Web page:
Her anger prompted a letter to the T-J to focus in on a highly questionable sighting earlier this month at the Timken Centre.
Barb writes, “When the weather gets cold, I will walk around the track at the Timken Centre. Last week as I made my rounds, I discovered a new sign at the end of the arena where the ice machine goes on and off of the ice pad.
“To my surprise the International Symbol of Accessibility (ISA) had been placed on a part of railing that the city was now calling accessible with an alderman’s name (Shackelton) next to the sign. This part of the railing is not accessible for wheelchairs to watch any part of the ice pad.”
The sign apparently was paid for by Ald. Shackelton, although the facility in no way can be deemed accessible to all. This has been a contentious and shameful issue since the day it opened.
Barb continues, “Upon reading the sign, I ask myself, ‘why has the city condoned the use of the international disabled symbol for this alderman’s campaign sign?’ The sign says he supports accessibility, yet the space is not an accessible area in the arena.”
She has questions … plenty of them, as she continues.
“Would some of the city’s accessibility advocates agree with the use of this sign? Would Stan Taylor, who fought to get audible traffic lights by the Metro store (at Elgin Mall), agree with this?
“Would Ed McLachlan, who fights for the rights of the hearing impaired and disabled children and adults, agree with the way this symbol is used? Would Cathy Topping, who just got a provincial award for her work in accessibility (Thumbs Up Program), think the use of this symbol is right?”
I think we already know the answer to those valid questions.
“Don’t the disabled have enough barriers to deal with, without people creating more? Do people know that this symbol is copyrighted by the International Commission on Technology and Accessibility? Doesn’t the city know that there is a list of specific uses for this symbol as set out by the above organization?”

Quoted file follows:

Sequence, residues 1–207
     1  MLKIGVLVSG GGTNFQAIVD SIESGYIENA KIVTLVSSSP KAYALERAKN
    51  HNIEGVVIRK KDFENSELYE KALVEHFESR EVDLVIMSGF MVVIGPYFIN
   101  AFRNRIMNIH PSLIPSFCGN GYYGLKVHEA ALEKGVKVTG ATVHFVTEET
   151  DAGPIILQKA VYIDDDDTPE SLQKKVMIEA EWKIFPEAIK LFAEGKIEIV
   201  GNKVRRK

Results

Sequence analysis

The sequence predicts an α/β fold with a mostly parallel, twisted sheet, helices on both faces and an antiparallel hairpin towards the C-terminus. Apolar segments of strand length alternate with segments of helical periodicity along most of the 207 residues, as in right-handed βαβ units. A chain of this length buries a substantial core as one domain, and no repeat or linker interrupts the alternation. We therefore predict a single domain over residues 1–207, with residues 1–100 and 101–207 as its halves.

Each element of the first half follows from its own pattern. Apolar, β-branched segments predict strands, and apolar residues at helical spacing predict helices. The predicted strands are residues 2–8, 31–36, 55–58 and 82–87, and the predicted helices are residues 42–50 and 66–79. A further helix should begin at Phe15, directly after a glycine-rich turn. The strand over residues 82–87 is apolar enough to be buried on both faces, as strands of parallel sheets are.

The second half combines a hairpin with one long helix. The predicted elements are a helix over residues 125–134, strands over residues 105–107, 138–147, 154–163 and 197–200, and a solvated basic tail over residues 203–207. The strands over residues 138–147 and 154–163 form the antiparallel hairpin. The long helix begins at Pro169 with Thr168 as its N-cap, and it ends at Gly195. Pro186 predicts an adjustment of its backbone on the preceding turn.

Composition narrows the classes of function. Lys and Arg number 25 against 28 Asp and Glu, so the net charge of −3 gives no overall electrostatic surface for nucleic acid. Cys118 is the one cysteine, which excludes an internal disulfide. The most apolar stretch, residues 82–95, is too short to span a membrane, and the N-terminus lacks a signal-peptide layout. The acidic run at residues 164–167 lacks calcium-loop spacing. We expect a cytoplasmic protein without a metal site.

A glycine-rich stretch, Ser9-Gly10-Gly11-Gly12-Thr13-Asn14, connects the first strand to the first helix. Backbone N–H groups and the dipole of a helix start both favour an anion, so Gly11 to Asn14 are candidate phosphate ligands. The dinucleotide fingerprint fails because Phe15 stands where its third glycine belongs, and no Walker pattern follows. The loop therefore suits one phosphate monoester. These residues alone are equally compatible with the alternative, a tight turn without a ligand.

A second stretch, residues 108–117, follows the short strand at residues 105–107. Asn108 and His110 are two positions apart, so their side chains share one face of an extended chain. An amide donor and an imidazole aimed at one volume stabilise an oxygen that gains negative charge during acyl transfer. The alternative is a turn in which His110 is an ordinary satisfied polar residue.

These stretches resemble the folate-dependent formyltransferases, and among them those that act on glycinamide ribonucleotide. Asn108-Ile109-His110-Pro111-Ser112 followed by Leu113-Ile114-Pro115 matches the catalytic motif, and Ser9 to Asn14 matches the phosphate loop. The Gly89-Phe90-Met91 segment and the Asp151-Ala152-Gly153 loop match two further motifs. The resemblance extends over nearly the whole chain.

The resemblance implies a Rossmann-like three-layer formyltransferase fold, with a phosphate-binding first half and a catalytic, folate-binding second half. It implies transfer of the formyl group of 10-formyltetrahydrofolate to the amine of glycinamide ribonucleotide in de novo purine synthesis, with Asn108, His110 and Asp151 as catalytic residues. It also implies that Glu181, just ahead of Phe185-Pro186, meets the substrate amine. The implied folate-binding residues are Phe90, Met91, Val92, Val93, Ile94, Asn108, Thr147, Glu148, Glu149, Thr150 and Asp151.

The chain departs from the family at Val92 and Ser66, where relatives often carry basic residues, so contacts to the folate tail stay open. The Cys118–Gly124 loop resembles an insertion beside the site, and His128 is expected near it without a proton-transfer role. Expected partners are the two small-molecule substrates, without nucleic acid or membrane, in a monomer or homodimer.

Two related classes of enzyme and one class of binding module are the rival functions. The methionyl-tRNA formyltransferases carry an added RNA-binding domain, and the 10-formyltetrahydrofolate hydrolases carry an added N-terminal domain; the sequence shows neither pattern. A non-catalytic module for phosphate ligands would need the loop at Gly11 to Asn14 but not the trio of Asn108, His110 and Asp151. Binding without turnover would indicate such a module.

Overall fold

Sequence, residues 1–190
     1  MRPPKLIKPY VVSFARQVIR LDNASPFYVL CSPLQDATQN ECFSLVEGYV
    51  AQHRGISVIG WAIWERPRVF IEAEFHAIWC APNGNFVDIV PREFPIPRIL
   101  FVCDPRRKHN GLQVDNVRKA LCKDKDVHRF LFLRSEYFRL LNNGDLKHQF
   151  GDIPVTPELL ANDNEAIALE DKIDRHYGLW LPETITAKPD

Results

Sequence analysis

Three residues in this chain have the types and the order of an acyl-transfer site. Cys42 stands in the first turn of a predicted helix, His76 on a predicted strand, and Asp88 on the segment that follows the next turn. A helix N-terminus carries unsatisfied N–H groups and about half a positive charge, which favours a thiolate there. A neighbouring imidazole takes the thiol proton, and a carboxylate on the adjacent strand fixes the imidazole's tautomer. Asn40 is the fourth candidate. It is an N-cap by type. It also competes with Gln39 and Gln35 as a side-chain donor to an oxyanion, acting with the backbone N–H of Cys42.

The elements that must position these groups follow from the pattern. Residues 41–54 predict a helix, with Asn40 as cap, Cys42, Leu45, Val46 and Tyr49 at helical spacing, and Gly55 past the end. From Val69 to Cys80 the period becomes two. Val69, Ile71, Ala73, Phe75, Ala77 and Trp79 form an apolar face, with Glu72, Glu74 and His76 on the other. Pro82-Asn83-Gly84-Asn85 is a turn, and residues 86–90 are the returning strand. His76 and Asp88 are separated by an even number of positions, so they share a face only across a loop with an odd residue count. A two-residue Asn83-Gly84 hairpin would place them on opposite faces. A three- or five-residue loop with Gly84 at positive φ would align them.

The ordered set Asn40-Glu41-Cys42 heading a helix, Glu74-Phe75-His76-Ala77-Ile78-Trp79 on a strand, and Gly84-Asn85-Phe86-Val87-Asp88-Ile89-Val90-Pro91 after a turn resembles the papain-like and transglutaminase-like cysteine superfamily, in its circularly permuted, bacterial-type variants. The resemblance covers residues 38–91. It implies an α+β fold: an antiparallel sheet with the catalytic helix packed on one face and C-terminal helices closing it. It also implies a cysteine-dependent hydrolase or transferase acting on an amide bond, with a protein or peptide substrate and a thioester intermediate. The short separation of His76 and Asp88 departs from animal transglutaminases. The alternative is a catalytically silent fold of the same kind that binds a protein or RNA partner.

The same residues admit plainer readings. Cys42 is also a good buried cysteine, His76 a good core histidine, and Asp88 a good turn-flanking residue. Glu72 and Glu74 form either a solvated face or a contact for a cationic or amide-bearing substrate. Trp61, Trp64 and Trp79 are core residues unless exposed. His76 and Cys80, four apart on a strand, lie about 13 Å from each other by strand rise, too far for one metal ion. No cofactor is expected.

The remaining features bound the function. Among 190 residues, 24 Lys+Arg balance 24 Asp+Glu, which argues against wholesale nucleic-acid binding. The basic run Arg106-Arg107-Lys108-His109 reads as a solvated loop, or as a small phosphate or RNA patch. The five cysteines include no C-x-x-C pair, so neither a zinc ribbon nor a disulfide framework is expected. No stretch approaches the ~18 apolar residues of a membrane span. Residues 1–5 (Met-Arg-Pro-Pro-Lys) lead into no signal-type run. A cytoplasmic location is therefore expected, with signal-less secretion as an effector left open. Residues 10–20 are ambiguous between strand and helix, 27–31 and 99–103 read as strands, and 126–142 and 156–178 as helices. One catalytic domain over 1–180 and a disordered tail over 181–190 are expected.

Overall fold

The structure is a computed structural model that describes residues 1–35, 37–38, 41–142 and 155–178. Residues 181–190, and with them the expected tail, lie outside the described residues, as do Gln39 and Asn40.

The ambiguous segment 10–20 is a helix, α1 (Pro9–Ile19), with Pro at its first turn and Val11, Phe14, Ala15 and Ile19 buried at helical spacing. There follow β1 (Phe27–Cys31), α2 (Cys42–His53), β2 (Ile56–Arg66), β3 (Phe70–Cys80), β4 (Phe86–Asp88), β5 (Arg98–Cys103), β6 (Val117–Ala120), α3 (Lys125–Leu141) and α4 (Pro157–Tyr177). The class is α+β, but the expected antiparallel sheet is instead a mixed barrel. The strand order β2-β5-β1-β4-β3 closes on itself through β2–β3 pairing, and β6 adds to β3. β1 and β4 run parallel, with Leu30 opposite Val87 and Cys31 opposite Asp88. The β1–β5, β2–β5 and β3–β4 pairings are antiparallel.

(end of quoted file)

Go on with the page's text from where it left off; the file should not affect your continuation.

It’s an embarrassing and offensive situation that should never have been allowed to take place. The fact this sign was quietly removed this week does not alter the mind set that seems to prevail in some quarters.
By now, you have a sense of Barb’s utter frustration — which is not solely prompted by the Timken Centre sign.
“Is this the reason why many of our public places are not accessible? Does not the local Municipal ODA committee have a say in what is accessible and what is not? Is there a problem with the Municipal ODA committee’s say on accessible public places? Why should this sign have even been put up in the first place?”
While not on Tuesday’s council agenda, the captain of the ship should take the wheel and shed light on who authorized the placement of this insulting sign.
We’ll give Barb the last word.
“Being disabled myself, I am always conscious of accessibility within our community. My family and friends will be voting for someone who is much more knowledgeable about accessibility and doesn’t create barriers for others.”
City Scope appears every Saturday in the Times-Journal. Questions and comments may be e-mailed to: firstname.lastname@example.org.